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CRMC, DEM expand wetland monitoring program

January 12, 2017, Wakefield – The R.I. Coastal Resources Management Council (CRMC), along with the R.I. Department of Environmental Management Division of Water Resources and the R.I. Natural History Survey have created a new position within DEM’s freshwater wetland monitoring and assessment program. The position will advance wetland assessment, monitoring and restoration in Rhode Island.

Since 2007, RIDEM has partnered with the RI Natural History Survey to develop methods and metrics for assessing the condition of freshwater wetlands throughout the state. Through an expanded partnership with CRMC, that work will now extend to coastal wetlands.

The effort is funded through a U.S. Environmental Protection Agency (EPA) Wetland Program Development Grant, and supports a full-time wetland scientist position housed at the RI Natural History Survey. RINHS has hired ecologist Tom Kutcher, formerly the Narragansett Baykeeper for Save The Bay. Before his time there, Kutcher worked at RINHS developing and using methods such as the RI Rapid Assessment Method (RIRAM) and Floristic Quality Assessment (FQA) to evaluate the condition of freshwater wetlands in the state. The newly funded efforts will build upon this previous work, and expand the scope of the program to include coastal wetland systems such as freshwater tidal wetlands and salt marshes. This will help to implement components of the statewide salt marsh monitoring and assessment plan developed by the Narragansett Bay National Estuarine Research Reserve, Save The Bay and CRMC.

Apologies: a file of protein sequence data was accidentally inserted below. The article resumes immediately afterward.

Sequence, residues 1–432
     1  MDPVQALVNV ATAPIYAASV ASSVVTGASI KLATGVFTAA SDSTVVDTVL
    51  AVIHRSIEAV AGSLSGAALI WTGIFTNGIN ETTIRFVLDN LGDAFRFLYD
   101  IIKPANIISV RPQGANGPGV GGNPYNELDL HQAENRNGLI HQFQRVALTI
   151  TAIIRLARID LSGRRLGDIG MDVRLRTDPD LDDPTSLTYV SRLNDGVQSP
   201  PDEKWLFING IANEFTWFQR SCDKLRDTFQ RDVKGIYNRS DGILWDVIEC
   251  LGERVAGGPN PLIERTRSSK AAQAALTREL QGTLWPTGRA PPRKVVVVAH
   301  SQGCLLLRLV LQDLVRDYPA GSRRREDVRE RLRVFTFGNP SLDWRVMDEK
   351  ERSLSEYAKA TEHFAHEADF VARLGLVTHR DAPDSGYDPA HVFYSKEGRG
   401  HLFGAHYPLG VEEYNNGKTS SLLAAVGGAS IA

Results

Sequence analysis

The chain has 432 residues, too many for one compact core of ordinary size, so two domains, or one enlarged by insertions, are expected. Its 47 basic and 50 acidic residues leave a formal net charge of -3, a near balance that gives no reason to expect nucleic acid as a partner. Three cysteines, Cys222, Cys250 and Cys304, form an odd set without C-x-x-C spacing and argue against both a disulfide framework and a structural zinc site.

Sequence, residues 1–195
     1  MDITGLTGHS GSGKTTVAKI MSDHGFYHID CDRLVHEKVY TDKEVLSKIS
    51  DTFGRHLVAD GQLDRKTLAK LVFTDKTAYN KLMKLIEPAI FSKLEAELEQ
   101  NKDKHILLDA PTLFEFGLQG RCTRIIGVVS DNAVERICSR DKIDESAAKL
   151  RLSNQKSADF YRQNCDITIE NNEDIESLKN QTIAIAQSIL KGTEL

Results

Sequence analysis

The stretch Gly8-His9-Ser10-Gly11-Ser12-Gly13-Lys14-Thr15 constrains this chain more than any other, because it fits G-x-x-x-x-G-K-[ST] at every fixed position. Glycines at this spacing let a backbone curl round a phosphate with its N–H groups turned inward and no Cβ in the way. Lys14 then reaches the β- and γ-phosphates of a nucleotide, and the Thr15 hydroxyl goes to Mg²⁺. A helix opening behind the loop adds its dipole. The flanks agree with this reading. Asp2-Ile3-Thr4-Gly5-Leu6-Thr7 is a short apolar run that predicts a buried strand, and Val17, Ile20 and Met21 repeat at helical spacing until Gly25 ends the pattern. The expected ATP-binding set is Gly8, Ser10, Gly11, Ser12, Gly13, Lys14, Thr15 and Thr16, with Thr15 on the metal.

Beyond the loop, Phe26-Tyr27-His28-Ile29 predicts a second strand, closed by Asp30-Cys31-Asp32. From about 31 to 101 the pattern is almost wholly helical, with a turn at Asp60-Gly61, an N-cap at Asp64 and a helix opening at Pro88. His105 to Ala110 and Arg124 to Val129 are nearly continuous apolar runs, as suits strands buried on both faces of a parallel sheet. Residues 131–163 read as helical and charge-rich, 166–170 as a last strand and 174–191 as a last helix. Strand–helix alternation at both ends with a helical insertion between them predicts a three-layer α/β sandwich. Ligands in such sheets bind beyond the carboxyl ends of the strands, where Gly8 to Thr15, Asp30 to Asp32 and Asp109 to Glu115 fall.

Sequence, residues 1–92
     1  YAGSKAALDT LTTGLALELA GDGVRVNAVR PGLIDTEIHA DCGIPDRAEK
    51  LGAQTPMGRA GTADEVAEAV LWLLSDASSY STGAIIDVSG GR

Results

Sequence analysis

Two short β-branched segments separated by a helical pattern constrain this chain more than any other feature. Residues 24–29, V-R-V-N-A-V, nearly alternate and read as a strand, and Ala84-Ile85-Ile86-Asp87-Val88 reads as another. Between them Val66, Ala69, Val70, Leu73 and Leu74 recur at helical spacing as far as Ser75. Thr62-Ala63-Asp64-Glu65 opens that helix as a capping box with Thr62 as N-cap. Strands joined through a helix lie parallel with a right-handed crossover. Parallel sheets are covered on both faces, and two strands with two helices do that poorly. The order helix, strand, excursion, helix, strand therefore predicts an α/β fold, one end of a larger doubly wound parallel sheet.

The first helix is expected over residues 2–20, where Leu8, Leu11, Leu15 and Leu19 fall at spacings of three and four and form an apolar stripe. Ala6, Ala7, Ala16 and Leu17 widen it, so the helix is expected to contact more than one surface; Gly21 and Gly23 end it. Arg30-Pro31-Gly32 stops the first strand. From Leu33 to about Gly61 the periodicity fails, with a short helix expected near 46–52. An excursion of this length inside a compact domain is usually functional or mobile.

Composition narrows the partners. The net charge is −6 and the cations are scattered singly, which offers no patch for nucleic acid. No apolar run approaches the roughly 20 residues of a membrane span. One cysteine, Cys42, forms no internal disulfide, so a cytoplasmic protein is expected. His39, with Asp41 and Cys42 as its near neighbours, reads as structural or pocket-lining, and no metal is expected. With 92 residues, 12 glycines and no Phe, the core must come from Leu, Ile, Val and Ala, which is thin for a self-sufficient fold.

“Climate change is clearly visible in Rhode Island. Our coastal wetlands are being degraded by sea level rise and increased coastal flooding right before our eyes, and we need science-based tools to help minimize the ongoing damage to these valuable natural systems,” Kutcher said.  “I’m very pleased to be able to focus my efforts where they are needed most.”

There are 4,000 acres of salt marsh in Rhode Island, and 58,000 acres of vegetated freshwater wetlands in the state. Together, these areas provide a variety of important services to our communities, from water quality improvement and flood water storage to providing habitat that supports commercial and recreational fisheries.

“The CRMC is pleased to be able to partner with RIDEM and RINHS to address the urgent problem of wetland degradation and loss, especially as it relates to climate change,” said Caitlin Chaffee, policy analyst at the CRMC. “Tom brings a wealth of experience, expertise and knowledge to this monitoring and assessment effort, which will help to inform future management decisions.”

 

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